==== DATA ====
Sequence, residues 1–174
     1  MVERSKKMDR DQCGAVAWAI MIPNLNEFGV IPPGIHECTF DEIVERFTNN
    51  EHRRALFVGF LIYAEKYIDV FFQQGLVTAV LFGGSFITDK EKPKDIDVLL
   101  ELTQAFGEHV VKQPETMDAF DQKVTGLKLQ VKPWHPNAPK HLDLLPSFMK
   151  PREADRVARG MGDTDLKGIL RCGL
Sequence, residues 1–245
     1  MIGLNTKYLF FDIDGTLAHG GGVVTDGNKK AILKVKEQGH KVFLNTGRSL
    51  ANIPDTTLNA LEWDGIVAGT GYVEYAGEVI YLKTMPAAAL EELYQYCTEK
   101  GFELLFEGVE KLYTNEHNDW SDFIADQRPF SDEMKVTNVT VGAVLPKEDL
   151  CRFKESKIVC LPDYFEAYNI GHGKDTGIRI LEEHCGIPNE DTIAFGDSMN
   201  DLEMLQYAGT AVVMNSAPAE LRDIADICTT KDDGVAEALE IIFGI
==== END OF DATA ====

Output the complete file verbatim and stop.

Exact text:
Sequence, residues 1–174
     1  MVERSKKMDR DQCGAVAWAI MIPNLNEFGV IPPGIHECTF DEIVERFTNN
    51  EHRRALFVGF LIYAEKYIDV FFQQGLVTAV LFGGSFITDK EKPKDIDVLL
   101  ELTQAFGEHV VKQPETMDAF DQKVTGLKLQ VKPWHPNAPK HLDLLPSFMK
   151  PREADRVARG MGDTDLKGIL RCGL
Sequence, residues 1–245
     1  MIGLNTKYLF FDIDGTLAHG GGVVTDGNKK AILKVKEQGH KVFLNTGRSL
    51  ANIPDTTLNA LEWDGIVAGT GYVEYAGEVI YLKTMPAAAL EELYQYCTEK
   101  GFELLFEGVE KLYTNEHNDW SDFIADQRPF SDEMKVTNVT VGAVLPKEDL
   151  CRFKESKIVC LPDYFEAYNI GHGKDTGIRI LEEHCGIPNE DTIAFGDSMN
   201  DLEMLQYAGT AVVMNSAPAE LRDIADICTT KDDGVAEALE IIFGI